My mother once knitted and donated an entire barnyard full of stuffed animals — a grey horse with glorious mane and mini bridle, a cow with black spots and pink udders, and pigs with soft, felted snouts — to the annual Christmas fair at the Catholic school we attended. I remember the timid pride in her eyes as she lovingly tucked the animals into their special boxes and brought them to the organizers the night before the event.

It was my first year at the school — fifth grade — and the atmosphere of the gymnasium on that Saturday morning was as unsettling on the weekend as it was during the week. The smell of boiling hot dogs and warm popcorn filtered in from the adjacent cafeteria as a cute boy from my grade brushed by. The popular girls stood under the basketball net in their cheerleader uniforms having just come back from an away game, their cheeks rosy with the health that comes from being part of an accepted clan.

I trailed a few steps behind my mother who browsed disinterestedly at the lacy plaques and decorated wooden spoons. Even then I had an aversion to frills and cheap prettiness like my mother. I don’t know if she had ever said a word about such things or if she’d passed it through blood into her children. Just like my mother I sought the knitted animals, hoping if they didn’t sell that they would come back home.

Not a single person said hello to us, and we made no effort either as we wound down the crowded aisles of holiday shoppers. After a pile of “seconds” socks my mother stood still. I came beside her and followed her gaze. There were the animals, bent and thrown about like useless cattle in a muddy feedlot. One of the pigs lay on the floor muddied by someone’s boot. My mother’s face showed no expression whatsoever. After a moment she scooped up the pig, brushed it off quickly and set it down on the table, as if she were ashamed to have anyone see that she had given her heart to this project, before pulling us away to get promised hot dogs. She never made animals again.

My father, a brilliantly funny and smart man, took codeine once before public speaking to ease his anxiety. His thirst was so severe and his mind so benumbed with the drug, he could not connect with his audience and came home in shame.

My poison of choice has been a sort of misguided humanitarianism. I profess to love the world but have real trouble with the individuals. The world does not beat me down, but individuals do and have. Don’t get me wrong, I have many wonderful relationships, but when I’m in poison mode I unwittingly seek the drowning man who in his own panic and self-loathing drags the rescuer into the murky deep.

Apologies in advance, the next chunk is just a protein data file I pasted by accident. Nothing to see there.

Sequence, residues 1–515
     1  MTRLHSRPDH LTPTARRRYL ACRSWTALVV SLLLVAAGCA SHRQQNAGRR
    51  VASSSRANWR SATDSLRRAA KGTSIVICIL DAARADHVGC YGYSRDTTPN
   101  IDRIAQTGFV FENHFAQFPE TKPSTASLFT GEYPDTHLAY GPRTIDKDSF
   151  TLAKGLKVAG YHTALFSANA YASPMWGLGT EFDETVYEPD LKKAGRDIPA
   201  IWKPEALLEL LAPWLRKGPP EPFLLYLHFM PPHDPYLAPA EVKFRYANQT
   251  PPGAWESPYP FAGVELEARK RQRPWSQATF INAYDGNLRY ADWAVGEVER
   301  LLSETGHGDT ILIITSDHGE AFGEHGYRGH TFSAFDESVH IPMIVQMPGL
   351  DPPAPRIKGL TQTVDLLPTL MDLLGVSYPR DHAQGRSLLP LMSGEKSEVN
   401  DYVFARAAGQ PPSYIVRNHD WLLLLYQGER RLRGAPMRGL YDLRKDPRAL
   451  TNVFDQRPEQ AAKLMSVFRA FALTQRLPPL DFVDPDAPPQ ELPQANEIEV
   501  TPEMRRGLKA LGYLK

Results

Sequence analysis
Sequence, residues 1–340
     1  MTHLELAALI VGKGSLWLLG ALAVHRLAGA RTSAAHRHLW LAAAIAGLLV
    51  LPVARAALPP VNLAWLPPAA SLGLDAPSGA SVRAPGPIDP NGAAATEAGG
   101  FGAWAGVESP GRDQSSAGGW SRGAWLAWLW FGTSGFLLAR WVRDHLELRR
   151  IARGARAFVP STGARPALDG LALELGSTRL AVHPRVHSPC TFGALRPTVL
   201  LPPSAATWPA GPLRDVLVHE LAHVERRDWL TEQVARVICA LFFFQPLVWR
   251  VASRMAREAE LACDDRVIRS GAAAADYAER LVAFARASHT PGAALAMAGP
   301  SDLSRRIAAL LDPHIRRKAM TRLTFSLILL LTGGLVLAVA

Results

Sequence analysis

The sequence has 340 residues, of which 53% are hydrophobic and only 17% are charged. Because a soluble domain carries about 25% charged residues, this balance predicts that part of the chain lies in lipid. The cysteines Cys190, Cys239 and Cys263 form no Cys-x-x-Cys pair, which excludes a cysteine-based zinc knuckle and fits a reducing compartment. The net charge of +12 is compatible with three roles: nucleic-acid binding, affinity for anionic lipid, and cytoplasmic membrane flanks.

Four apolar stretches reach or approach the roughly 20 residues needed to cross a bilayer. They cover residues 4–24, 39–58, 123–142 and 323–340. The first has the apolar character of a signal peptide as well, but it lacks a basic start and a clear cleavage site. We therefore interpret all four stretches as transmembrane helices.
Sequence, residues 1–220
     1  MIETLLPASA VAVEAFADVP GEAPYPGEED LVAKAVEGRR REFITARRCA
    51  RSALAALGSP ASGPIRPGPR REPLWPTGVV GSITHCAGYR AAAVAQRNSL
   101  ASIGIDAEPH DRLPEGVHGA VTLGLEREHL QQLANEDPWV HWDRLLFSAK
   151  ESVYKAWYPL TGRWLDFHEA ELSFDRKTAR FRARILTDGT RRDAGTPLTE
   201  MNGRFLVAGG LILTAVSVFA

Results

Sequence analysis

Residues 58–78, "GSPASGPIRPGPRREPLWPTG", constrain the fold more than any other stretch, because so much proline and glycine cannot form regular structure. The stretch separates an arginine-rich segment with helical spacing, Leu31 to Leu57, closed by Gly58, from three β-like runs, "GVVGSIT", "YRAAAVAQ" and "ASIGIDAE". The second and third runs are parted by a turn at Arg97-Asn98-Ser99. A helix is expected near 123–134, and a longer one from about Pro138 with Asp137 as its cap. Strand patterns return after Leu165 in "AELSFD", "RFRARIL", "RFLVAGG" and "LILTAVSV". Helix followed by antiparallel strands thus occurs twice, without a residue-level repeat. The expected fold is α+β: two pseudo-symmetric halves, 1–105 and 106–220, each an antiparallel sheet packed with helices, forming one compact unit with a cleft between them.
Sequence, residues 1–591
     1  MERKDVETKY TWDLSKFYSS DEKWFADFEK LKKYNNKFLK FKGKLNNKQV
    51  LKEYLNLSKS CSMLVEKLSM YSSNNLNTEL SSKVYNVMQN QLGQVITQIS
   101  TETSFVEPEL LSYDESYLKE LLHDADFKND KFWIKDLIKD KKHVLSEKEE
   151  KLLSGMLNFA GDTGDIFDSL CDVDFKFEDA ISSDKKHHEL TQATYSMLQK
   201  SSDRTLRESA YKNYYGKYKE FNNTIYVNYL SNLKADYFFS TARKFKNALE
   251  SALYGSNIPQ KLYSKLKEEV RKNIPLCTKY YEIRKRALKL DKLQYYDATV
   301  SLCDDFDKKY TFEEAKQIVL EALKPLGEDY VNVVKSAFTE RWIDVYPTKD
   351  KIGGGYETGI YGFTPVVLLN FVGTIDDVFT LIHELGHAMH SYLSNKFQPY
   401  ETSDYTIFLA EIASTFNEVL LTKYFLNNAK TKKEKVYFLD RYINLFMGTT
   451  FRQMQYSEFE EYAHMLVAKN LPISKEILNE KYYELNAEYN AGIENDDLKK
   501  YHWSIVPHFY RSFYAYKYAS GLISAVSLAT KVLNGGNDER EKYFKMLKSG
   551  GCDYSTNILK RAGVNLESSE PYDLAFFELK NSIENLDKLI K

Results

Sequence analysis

I think sometimes that one of the reasons some readers express frustration and annoyance when reading about BUCK CRENSHAW in my novels is that he’s so blind to his self-sabotage. Time and again he makes such stupid decisions. He can also be cruel — not the best thing in a lead character. Yet I’m cruel, too, when I feel unloved.

Our genealogy bequeaths us with some pretty annoying habits: silence, explosive anger, neediness, reticence, inability to give an honest compliment or honest criticism. My sister didn’t speak to me for years because she knew that I had married a mess of a man (it had seemed easier than losing a good man’s love). It would have been nice if someone had told me what they were thinking back then.

“The past is never dead. It’s not even past. All of us labor in webs spun long before we were born.”

William Faulkner

Since Thanksgiving I’ve been thinking about all this stuff again because as a family for generations we’ve let our hurts define us. I’ve spent years being just like Buck, blind to the patterns that come with being overprotective of self. As a child it makes total sense, but as an adult it dampens out creativity and joy. How many more holiday dinners will I spend racing through a meaningful story because I’m afraid of the response from “my audience”? My family around the table seems so distant in these moments, like the shadows you see when you’re on stage.

I read this a few days ago:

Travel and tell no one,
live a true love story
and tell no one,
people ruin beautiful things.

Kahlil Gilbran

I’m not sure I completely agree but I understand the advice.

As some of you know, we adopted a profoundly traumatized child from foster care. I’m going to be honest and say that part of the reason for me taking her on was to prove that I was a valuable person despite not selling a ton of books. Of course at the time I wasn’t fully aware of my underlying reasons. I did truly want to help her “get better.”

Here’s another truth: she doesn’t want to get better. It’s easier to stay the victim. I understand. It is easier in a way. But it’s terrible. She’s like the living embodiment of all the worst case self-sabatoges. And because of that she becomes quite often extremely unlovable. It makes me think of Buck. It makes me think of me.